An Iron-age ceremonial site in the Jordan valley near Moshav Argaman. It is likely that this site was erected by the Israelites, led by Joshua, and was their first camp after crossing the Jordan.
Gilgal Argaman is an Iron-age ceremonial site in the Jordan valley near Moshav Argaman. It is likely that this site was erected by the Israelites, led by Joshua, and was their first camp after crossing the Jordan. Joshua 4 19:”And the people came up out of Jordan on the tenth day of the first month, and encamped in Gilgal, in the east border of Jericho”.
Map / Aerial View:
The site is located in a field south-west to Argaman, which can be reached from the road #90 junction (“Zippora” restaurant). You can drive close to the site via a paved road until the foothills close to the site. Then, either walk 300m to the site, or drive up the dirt road.
An aerial photo is shown below, indicating the major points of interest and the place of the site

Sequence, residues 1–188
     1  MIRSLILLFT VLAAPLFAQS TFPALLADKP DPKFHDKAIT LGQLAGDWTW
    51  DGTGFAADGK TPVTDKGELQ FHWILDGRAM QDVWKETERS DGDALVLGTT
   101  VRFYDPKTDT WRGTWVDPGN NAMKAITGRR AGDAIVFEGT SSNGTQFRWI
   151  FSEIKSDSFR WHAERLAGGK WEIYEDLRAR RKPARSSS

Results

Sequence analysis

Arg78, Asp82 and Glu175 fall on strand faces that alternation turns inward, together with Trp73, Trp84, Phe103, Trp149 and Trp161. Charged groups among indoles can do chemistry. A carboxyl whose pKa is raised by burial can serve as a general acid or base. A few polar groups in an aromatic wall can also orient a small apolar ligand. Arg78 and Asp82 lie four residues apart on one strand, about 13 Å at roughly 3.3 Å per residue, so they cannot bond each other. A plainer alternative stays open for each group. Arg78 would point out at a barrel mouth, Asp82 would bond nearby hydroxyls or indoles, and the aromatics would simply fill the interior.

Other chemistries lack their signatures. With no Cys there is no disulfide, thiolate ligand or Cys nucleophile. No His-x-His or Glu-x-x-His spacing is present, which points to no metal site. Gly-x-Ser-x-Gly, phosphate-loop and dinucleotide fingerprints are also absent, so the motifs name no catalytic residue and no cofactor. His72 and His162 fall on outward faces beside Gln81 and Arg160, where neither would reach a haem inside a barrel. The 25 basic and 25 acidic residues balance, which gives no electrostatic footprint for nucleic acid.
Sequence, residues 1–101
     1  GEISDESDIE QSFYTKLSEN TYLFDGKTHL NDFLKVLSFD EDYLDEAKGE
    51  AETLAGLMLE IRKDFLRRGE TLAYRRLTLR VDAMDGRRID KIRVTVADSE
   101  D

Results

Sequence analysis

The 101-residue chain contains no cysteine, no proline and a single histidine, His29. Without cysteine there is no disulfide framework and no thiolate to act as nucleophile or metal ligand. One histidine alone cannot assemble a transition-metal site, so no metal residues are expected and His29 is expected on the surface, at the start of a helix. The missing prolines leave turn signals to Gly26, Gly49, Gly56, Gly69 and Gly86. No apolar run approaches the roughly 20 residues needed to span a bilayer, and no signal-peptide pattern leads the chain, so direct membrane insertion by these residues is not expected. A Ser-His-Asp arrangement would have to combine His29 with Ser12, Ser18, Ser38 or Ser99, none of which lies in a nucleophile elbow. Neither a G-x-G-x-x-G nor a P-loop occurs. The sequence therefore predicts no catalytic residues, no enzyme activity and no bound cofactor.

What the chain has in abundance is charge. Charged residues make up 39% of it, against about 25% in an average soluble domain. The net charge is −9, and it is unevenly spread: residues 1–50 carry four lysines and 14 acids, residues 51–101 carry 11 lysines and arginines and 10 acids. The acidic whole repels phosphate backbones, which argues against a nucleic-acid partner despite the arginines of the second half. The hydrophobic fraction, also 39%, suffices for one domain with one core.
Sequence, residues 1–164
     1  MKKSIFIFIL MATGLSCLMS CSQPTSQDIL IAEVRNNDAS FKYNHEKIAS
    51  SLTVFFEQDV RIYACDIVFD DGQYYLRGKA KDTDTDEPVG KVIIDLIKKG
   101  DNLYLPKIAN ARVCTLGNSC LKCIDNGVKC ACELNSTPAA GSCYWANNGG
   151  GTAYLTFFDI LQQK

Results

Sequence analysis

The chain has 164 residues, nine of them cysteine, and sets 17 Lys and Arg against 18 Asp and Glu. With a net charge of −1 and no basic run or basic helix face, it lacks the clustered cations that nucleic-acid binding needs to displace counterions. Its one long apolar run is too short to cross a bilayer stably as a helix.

The Search for the origins of Israel
The late Professor Adam Zertal (Univ. of Haifa) was a distinguished archeologist who focused on the early periods of the Israelite period. He discovered the site of an altar on Mt Ebal, an Iron age site he attributes to Joshua. Adam Zertal’s amazing discoveries in the site and excavation surveys in Samaria were published in his book “A nation born- The Altar on Mt Ebal and the origins of Israel” (2000).
In his book, Adam described the notion of the Gilgal – a word that appears 38 times in the Bible. The Gilgal, in the Bible, is not a specific location, rather it is a common name for a camp and religious site. The Gilgal appears in several sites in the Holy Land, and the site where the Israelites first camped after crossing the Jordan is called Gilgal-Jericho (Joshua 4 19):”And the people came up out of Jordan on the tenth day of the first month, and encamped in Gilgal, in the east border of Jericho”. In his book, Adam states that the quest for this Gilgal, the first place after the crossing, is one of the important riddles that Biblical researches have been trying to resolve.
Prof Zertal lecture in Kibbutz Geva – Jan 6, 2009
Where is the first Gilgal?